There is a variety of methods for successfully incubating leopard gecko eggs. This is the method that I have been using.  I have had a lot of success with it and I hope you will too.



The first thing we should do is go over all everything we will need for the incubaation process.  Here is the list of things that I use to incubate my Leopard Gecko eggs.

  • 4.5” Deli Cup and Lid-Holes Punched:  Fits two Leopard Gecko eggs nicely, I personally recommend you get them at TSK Supply. Click here for cup. (  Click here for lid. ( The link should take you right to it.  These are the cheapest I have been able to find them.
  • Water Mister/Sprayer: Can be found at Walmart or a local nursery.  MAKE SURE IT HAS NEVER BEEN USED BEFORE!! A used mister/sprayer might contain toxins that will kill or harm Leopard Gecko eggs.
  • Organic Perlite: NO MIRACLE GROW PERLITE!!! Make sure it’s organic with nothing added to it. If it is not organic, it could harm or kill your eggs.
  • Simple gram scale: Doesn’t have to be perfectly accurate.  You will have to round up to the nearest gram anyway.  You will also want your gram scale to have a tare or a zero out function.
  • Simple Calculator: One that will add, subtract, multiply, and divide will do.
  • Blue Painters’ Tape: For record keeping.  This will come in handy later in the process.
  • Thermal/Still Air Hova Bator Incubator 1602N: This is the best incubator for incubating Leopard Gecko eggs using this method.  You can get one here. (


First, take your 4.5” Deli Cup and put it on the gram scale and tare it so that the weight of the deli cup is zero.  Once you have done that, fill the cup up about halfway with the organic perlite.  Do not cover the holes.  These will provide airflow throughout the incubation process. 

Next, weigh the perlite.

 Once you have weighed the cup with the perlite, take that weight and type it into your calculator.  Multiply that weight by .666.  So in this case, I would take 12 and multiply it by .666 which gives me 7.992 which rounds up to 8.  That is the amount of water (in grams) that you will add to the perlite.  In the example above you are going to add 8 to 12 to get 20.   Here you would fill the perlite with water until the total weight on your scale is 20 grams.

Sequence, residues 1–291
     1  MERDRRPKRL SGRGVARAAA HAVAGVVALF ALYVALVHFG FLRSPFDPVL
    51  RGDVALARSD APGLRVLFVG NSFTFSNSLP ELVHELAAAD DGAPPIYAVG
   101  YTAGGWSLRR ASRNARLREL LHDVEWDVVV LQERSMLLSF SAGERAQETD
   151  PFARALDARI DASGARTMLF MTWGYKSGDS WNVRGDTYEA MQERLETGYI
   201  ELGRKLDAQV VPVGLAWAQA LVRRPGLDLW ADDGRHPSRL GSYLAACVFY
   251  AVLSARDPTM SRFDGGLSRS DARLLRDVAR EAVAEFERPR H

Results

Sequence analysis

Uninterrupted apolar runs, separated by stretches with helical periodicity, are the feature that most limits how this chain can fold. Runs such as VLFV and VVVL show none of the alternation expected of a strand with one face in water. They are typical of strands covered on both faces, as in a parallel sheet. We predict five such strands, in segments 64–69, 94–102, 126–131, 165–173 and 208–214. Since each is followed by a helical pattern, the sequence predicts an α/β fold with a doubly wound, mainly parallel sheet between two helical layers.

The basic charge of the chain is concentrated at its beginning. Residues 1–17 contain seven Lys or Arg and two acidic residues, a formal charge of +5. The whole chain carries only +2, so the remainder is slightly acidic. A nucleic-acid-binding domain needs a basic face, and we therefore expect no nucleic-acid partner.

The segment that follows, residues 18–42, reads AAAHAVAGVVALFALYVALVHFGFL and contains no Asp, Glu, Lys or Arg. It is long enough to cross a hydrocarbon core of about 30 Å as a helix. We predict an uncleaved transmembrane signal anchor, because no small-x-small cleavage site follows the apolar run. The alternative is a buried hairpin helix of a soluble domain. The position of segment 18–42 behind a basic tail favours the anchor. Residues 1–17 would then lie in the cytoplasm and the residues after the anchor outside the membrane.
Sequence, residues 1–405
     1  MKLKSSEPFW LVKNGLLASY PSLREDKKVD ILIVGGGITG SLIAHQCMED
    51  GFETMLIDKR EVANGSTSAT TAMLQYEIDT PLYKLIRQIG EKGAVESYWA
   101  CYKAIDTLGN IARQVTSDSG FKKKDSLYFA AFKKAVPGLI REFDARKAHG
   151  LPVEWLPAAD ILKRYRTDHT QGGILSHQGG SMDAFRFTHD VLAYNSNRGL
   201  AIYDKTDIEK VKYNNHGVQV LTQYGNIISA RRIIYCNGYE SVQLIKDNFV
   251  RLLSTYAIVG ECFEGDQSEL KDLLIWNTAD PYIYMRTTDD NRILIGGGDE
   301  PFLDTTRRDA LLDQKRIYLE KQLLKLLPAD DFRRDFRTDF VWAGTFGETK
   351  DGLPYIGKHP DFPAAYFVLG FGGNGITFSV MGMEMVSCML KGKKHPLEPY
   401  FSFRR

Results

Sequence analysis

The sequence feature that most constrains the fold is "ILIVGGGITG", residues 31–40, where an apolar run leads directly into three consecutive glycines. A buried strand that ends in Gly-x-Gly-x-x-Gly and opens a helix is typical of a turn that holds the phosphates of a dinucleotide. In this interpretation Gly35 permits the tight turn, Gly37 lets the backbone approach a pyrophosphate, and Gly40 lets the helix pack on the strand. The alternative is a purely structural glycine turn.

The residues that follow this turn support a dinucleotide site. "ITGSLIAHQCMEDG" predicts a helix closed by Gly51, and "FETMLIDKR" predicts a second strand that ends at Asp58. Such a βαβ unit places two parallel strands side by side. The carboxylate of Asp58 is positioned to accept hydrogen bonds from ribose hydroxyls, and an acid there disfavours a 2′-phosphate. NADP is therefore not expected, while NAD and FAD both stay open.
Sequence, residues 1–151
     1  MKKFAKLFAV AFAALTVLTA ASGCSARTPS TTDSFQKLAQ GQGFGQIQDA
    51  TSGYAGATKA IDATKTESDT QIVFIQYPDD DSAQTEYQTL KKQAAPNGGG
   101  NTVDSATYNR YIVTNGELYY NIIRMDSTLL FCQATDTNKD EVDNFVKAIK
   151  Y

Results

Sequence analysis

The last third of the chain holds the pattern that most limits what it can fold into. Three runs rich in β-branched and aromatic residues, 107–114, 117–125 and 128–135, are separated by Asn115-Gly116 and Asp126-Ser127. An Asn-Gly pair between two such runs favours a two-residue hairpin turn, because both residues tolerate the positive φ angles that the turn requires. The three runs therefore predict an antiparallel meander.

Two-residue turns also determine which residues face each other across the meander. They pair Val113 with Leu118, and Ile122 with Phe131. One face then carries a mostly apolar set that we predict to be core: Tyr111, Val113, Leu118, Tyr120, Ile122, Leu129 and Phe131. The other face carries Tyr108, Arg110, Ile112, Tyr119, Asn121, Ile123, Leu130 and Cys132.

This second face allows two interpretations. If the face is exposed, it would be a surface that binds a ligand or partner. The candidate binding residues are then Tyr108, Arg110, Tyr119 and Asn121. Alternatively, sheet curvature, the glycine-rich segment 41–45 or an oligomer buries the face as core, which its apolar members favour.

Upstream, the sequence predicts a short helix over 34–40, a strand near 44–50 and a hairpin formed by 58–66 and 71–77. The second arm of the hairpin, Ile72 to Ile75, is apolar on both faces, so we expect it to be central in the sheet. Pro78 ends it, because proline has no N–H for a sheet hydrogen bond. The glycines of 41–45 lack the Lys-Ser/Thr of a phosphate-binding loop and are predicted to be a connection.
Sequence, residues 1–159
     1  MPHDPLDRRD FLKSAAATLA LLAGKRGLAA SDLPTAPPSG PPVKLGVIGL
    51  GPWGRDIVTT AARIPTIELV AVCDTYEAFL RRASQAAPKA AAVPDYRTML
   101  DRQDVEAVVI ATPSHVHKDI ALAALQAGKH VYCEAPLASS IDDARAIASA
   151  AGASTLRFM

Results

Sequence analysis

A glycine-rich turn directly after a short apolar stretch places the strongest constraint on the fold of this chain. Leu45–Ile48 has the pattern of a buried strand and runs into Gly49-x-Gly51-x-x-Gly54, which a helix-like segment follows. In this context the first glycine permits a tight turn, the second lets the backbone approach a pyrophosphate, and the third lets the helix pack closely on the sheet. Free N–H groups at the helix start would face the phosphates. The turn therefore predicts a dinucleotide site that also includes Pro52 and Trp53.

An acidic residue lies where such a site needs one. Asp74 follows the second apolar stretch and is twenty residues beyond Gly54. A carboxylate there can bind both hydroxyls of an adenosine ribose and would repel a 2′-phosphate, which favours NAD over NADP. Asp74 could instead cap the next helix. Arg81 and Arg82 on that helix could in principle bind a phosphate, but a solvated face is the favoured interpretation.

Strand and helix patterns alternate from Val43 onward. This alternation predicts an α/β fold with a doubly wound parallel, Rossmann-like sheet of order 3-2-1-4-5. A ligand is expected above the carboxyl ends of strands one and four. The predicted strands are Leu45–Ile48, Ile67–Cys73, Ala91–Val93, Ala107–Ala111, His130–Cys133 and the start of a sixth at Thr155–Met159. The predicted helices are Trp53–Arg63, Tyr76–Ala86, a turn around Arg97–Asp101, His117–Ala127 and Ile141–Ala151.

(Even if your calculation of how much water to add comes out to be something like 7.336 or something like that you ALWAYS want to round UP to the next gram.  The more humidity you have the better.)

Once you have done all of this, add your Leopard Gecko eggs.  Put the lid on and put a piece of blue painters’ tape on the lid.  Write the date the eggs were laid, the names of the parents, and the most important part, the weight of the perlite and water.
Date laid: (6/21/12)
Parents: (Striped Tremper Albino Male, Hybino Female)
Weight of water plus perlite: (20 grams)
Now put your eggs in the incubator.  The sex of the geckos will be based on the incubation temperature:

(The following are rough guesses of how long the eggs will have to incubate before hatching)

  • 81-83°, Mostly Females, roughly 65 days of incubation time.
  • 84-86°, Mix of males and females, roughly 55 days of incubation time.
  • 87-89°, Mostly Males, roughly 40 days of incubation time.

Do not incubate higher than 90 degrees!  The eggs will hatch but the babies will be  very aggressive females and MAY NOT breed!  Don’t incubate under 80 because the eggs will get too cold and die. 


Once your eggs are in the incubator, you should take the cup out of the incubator about every 4 days and weigh it again.  If the weight doesn’t equal the weight listed on the cup (20 grams in this case) then you should brng it up to that weight again by adding water to it.  Move the eggs to a different deli cup with perlite while you do this so you don’t accidentally get the eggs wet.  When you are finished bringing the weight back up put the eggs back in and put the cup into the incubator.  THIS IS A VERY IMPORTANT STEP, SO DON’T SKIP IT!

Final notes

I have used this method very successfully.  Many of you might have read about other ways to incubate Leopard Gecko eggs, particularly recommending different water to perlite ratios.  I have tried those methods for about a year and I never had an egg hatch.  Of course, I am not saying that these  methods are always unsuccessful, and that there could have been things wrong with what I was doing, however I have had my best success with the method I describe above.

If anyone has any questions, please leave a comment below.

Brian MagnussonVisit Website

Brian is the owner of Gecko's Galore. His passion for reptiles started back when he was a kid living in Missouri. He and his friends would spend our summer days going around the neighbor hood catching lizards and snakes. One of his friends had a Leopard Gecko and from the moment he saw it he knew he had to have one. His passion has grown from there.

  • How to Breed Superworms

    For the past several years I've been breeding superworms for all my geckos. It's a fairly simple process and with some time and patience you can raise your own feeders.

  • Tokay Gecko Morph Interview with NERD

    We had the opportunity to interview Kevin of New England Reptile Distributors, asking him about the amazing Tokay Gecko morphs they are working with. Here is what Kevin had to say.

  • Guide to Breeding Leopard Geckos on a Small Scale

    Breeding leopard geckos is relatively easy and rewarding. There are so many exciting images on the internet of gorgeous and unique animals that many of us get bitten by the breeding bug.